I have tried to use the remote_file resource to download a jar file. However, the version of the jar file is not known to me before hand to place in a variable. I have to fetch another file first that contains the version, parse it and use it to build the path which remote_file will use to download the jar version.
My attempts have not been successful, since at convergence whatever version I parsed from the file that contains the version, it not available for the path build string used in remote_file resource.
In summary, the version of the file to be fetch is contained in another file that needs to be downloaded first and parsed.
If you understand what I am explaining, do you have another way of doing this? Do you have any suggestion or guidance?
There are two solutions.
1: The simple way: Use the code you already have but use “lazy”  to read the version in the file. Lazy will read the file content when the remote_file resource is executed and at that time the file with the version will be there already.
2: Put all you code into a custom resource . In there everything is executed in order and you will not face the problems of chefs 2 phase execution.
Your response is very helpful. Very much appreciated. It shows me that I was in the right path. I just need to learn more about custom_resources.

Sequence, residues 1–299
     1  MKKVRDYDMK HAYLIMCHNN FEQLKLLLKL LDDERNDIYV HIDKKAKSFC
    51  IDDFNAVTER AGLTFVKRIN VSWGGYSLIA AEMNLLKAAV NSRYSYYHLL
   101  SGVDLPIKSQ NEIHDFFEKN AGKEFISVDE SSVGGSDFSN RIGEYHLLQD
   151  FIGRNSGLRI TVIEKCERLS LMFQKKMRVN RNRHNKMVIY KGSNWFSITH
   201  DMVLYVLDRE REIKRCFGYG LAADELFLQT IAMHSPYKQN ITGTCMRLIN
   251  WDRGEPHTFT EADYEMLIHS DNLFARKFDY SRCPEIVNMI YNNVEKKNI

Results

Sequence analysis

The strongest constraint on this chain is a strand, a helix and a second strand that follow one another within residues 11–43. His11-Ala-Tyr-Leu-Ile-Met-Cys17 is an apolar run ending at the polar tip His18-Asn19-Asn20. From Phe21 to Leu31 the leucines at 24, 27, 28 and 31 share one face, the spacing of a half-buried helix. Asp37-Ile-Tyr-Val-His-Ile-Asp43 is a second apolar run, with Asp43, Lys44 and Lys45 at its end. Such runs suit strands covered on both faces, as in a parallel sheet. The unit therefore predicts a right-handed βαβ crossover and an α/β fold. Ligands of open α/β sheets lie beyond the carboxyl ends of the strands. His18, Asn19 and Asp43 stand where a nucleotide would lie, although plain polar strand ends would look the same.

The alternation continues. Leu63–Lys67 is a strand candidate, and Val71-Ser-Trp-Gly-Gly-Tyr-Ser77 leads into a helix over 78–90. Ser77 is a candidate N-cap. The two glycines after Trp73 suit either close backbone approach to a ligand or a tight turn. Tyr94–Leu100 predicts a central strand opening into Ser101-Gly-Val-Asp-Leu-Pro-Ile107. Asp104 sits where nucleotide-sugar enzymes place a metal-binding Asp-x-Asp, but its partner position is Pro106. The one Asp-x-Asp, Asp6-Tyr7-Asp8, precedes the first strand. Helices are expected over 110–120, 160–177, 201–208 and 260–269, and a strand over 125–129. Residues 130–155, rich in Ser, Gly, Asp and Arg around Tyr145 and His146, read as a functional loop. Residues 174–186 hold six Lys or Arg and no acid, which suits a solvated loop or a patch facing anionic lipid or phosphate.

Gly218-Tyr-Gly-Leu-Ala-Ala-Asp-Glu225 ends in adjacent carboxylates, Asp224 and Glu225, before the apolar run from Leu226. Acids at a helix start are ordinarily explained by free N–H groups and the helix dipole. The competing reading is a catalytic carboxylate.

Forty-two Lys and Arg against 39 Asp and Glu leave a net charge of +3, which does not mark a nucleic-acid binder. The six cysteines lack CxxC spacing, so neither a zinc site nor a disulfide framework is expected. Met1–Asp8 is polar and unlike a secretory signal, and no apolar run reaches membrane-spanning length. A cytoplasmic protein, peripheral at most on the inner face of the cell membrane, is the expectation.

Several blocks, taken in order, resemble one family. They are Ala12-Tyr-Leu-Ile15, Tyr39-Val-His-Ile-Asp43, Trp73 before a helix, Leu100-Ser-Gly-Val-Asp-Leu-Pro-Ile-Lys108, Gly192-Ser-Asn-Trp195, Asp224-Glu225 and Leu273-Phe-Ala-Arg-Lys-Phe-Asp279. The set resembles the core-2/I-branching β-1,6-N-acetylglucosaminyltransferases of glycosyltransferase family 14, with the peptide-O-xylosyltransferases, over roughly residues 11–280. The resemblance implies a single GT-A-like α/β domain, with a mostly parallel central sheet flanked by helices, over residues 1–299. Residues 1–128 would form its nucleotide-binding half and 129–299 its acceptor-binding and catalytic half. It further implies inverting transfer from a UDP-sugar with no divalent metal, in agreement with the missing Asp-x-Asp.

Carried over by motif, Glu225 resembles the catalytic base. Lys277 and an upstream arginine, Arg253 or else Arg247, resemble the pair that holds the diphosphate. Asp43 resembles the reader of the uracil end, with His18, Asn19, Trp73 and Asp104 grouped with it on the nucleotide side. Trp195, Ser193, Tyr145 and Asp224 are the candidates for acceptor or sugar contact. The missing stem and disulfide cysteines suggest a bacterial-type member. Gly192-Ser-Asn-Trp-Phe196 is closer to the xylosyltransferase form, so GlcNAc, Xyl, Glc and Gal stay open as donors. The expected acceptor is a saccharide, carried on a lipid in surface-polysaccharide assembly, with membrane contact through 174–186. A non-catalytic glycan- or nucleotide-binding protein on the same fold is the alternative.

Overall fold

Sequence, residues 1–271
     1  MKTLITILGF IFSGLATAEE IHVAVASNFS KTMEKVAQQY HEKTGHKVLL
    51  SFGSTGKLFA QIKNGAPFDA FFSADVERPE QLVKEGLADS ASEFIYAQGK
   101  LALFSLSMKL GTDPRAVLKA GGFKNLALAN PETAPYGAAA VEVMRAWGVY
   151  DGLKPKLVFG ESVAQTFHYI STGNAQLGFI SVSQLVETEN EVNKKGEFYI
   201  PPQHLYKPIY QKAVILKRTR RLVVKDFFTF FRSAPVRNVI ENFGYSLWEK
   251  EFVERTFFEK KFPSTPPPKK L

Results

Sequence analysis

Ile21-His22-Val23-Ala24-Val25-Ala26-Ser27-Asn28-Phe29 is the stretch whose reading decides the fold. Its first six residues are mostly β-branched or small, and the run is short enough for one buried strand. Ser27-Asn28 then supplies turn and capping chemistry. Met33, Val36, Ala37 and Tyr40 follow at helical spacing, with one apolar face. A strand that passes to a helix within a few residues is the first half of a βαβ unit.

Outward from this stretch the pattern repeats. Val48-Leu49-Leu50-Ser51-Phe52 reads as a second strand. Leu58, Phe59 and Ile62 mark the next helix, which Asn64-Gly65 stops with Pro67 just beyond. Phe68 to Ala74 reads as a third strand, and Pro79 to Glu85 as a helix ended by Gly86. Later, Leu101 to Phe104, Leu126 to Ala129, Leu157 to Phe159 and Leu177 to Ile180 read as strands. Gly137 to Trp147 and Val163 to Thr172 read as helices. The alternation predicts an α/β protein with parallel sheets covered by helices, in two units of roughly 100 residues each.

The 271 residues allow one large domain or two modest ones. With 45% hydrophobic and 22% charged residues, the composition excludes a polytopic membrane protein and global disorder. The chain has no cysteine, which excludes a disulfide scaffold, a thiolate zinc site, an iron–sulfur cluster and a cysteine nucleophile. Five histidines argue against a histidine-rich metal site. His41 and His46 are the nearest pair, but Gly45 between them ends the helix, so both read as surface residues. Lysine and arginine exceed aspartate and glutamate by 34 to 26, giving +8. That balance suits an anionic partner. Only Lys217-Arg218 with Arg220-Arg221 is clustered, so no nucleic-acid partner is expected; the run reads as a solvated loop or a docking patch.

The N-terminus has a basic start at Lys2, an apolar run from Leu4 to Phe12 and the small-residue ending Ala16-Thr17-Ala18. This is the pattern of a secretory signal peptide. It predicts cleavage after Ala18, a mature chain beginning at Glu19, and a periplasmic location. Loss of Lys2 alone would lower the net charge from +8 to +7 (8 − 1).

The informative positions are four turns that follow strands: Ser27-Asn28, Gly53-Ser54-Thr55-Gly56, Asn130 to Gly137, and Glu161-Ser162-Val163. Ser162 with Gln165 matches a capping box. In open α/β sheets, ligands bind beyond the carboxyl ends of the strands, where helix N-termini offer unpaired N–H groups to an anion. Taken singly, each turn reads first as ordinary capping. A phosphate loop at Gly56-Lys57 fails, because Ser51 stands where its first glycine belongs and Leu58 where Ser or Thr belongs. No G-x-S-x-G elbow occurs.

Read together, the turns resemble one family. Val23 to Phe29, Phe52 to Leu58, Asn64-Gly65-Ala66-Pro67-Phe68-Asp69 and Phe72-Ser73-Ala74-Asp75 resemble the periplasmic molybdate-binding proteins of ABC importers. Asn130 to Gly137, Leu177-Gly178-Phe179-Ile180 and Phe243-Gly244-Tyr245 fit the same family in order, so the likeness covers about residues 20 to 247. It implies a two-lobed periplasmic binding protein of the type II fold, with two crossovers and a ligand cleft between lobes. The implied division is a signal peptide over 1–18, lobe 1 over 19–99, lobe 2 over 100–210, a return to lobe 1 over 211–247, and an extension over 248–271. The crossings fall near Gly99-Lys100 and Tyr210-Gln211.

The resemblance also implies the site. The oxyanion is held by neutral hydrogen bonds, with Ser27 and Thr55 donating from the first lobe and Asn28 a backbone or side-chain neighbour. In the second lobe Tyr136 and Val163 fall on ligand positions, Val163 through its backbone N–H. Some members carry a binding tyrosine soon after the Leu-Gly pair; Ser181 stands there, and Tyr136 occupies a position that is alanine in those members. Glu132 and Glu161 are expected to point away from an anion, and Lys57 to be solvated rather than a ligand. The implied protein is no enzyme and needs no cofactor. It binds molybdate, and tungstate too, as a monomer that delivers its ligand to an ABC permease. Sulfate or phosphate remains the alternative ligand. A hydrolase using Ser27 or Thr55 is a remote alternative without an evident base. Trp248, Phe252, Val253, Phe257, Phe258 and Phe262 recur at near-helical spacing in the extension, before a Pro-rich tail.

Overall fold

You may be better off not grabbing the first file using chef resources.
download = open('http://example.com/stuff.json')
destination = "Chef::Config[:file_cache_path]/stuff.json"
data = JSON.parse(open('http://example.com/stuff.json').read)
The downside there is that you hit the URI and grab the file every time, and don’t take advantage of http etags for caching data. But if the file you’re pulling down is literally a manifest entry and you parse the version you need out of that, there’s nothing inherently wrong with this approach.
Where it would start to be incorrect would be if you weren’t saving this data into the file cache path, and you deployed the content somewhere that could be considered modifying the running state of the system – that’s where you’d want to at least feed the contents through a file resource rather than just using raw ruby to update the system.
You can use pure ruby to collect whatever data you like – even remote data – in order to construct your resource collection. Saving tempfiles in pure ruby is also fine. At some point though if you’re downloading the first file and just winding up re-implementing the remote_file resource via your own ruby code fed into a file resource, then this approach would break down. But you didn’t include enough information about what kind of file you’re pulling down first to be able to guess on what side of that line you fall on.
Thank you for your explanation Lamont_Granquist.